RBI likely to go in for more interest rate cuts, says Nomura

Due to continued weakness in domestic demand and moderate core inflation Nomura expects a 25 basis points cut at the next RBI policy meeting on 18 June 2012
 

Brokerage and research firm Nomura has said that there will be an additional 50 basis points cut in repo rate in 2012 (25 basis points cut previously) due to continued weakness in domestic demand and moderate core inflation, with a 25 basis points cut at the next RBI policy meeting on 18 June 2012. The cash reserve ratio (CRR) is not expected to be cut on 18 June, as liquidity is closer to the RBI’s comfort zone and open market operations can be used to address the liquidity mismatch, predicts Nomura.

The interest rate cuts are only a quick fix to growth. Without concomitant fiscal tightening, loose monetary policy will likely fan inflation and lead to greater macroeconomic instability down the road.

The research firm is changing its policy rate call. It expects 50 basis points of additional repo rate cuts in 2012 (terminal repo rate of 7.50%), compared with its earlier forecast of 25 basis points, due to a continued weakness in domestic demand and rising downside risks to the global growth outlook. The reasons for the expected  25 basis points repo rate cut on 18 June 2012 include: (a) weaker-than-expected real GDP growth of 5.3% y-o-y in Q1 2012, belying Nomura’s and the RBI’s view that growth had bottomed in Q4 2012; (b) despite rising headline WPI inflation, core WPI (non-food manufactured) inflation has continued to moderate, which suggests that pricing power has declined (A further moderation in core inflation in May, data due on 14 June 2012, is expected); and (c) Brent oil prices have fallen to around US $100/barrel, more than offsetting the drag from the rupee depreciation.

Nomura has assigned a 20% probability to a 50 basis point rate cut at the RBI’s June 2012 meeting. While sluggish growth, low core inflation and weak policy rate transmission argue for a more aggressive 50 basis points rate cut, The brokerage expects a 25 basis point rate cut due to elevated headline inflation (primarily due to persistently high food inflation).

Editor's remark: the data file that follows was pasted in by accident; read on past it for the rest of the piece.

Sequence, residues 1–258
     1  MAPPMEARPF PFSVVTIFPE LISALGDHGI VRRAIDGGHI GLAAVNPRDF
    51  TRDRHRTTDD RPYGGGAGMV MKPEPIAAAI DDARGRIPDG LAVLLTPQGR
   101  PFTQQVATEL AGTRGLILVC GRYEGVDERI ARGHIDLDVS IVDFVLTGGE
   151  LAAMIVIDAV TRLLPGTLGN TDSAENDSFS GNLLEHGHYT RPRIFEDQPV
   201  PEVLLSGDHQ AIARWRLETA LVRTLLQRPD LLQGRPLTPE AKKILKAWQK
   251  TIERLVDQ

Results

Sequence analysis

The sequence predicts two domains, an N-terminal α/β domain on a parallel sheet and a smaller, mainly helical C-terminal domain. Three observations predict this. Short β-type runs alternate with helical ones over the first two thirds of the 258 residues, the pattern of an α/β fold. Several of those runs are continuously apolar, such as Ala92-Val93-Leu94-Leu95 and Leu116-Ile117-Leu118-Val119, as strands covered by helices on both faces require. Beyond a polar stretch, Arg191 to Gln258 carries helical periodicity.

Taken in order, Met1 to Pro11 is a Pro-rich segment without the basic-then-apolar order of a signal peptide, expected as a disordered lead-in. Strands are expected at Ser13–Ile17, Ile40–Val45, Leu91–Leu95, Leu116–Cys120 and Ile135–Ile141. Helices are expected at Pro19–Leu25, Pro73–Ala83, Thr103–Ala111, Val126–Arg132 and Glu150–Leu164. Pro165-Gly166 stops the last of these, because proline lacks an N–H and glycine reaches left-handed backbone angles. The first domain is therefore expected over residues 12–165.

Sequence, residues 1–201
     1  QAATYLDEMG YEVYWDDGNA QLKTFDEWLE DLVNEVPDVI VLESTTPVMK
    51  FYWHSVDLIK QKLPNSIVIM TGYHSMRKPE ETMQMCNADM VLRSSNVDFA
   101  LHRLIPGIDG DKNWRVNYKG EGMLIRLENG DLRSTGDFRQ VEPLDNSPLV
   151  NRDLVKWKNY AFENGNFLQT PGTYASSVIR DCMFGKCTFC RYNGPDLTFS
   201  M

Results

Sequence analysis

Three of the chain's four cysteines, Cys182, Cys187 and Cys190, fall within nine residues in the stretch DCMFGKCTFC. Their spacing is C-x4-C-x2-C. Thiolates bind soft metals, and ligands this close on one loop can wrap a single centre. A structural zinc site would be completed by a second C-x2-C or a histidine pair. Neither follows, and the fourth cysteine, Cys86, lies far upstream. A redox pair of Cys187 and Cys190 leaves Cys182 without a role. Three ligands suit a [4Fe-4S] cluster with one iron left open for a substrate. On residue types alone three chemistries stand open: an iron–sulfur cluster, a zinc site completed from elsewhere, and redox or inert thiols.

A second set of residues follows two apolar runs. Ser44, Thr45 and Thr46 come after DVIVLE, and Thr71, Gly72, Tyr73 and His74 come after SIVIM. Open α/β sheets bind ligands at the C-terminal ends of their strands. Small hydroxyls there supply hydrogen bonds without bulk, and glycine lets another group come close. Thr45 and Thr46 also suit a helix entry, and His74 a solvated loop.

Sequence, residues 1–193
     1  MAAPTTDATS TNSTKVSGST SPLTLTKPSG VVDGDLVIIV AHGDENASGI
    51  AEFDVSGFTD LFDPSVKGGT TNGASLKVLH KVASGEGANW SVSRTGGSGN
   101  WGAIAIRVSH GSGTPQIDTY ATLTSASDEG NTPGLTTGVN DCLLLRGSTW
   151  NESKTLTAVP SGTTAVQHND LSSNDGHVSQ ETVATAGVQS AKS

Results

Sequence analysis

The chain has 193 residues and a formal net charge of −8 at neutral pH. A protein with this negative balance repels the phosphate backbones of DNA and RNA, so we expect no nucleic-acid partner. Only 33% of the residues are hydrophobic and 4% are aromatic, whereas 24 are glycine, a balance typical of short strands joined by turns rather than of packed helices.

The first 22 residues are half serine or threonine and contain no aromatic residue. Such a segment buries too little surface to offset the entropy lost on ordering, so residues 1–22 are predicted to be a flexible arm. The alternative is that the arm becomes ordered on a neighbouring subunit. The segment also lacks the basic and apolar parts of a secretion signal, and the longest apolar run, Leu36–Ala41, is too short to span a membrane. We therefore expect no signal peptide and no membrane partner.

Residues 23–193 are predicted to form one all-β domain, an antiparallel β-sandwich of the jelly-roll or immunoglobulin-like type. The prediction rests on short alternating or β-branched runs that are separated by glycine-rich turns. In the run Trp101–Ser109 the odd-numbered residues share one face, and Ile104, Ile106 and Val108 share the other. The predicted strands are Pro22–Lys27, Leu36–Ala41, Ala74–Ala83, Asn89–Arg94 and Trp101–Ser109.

The CRR at 4.75% is close to the all-time low of 4.50% and needs to be kept ready as an emergency buffer to inject liquidity if conditions worsen, says Nomura. Upside risks in headline inflation are expected in the coming months. However, continued moderation in core inflation will likely prompt the RBI to accord a higher priority to growth. As such, following the expected 25 basis points repo rate cut at the June 2012 meeting, Nomura anticipates another 25 basis points cut in the second half of the year.

The current slowdown in growth is largely a payback from continued fiscal excesses and reflects slow government decision-making over the past year. Real effective exchange rate depreciation has already started to ease monetary conditions. As such, the current Indian stagflationary environment needs tight fiscal policy to create a more stable macro backdrop.

Nomura reasons that there are two issues with cutting interest rates: First, in the current tight liquidity environment, the transmission of policy rate cuts may be delayed and sub-optimal. Second, and more importantly, when inflationary expectations are in double-digits and potential growth is at risk of falling below 7%, it will not take much for inflationary pressure to rear its head. Without concomitant fiscal tightening, loose monetary policy will likely fan inflation and lead to greater macroeconomic instability down the road.

Thus, Nomura predicts a gloomy picture ahead for the banks and bond market—not to speak of instability in the equities and forex market—in India, in the absence of firm measures from the government.

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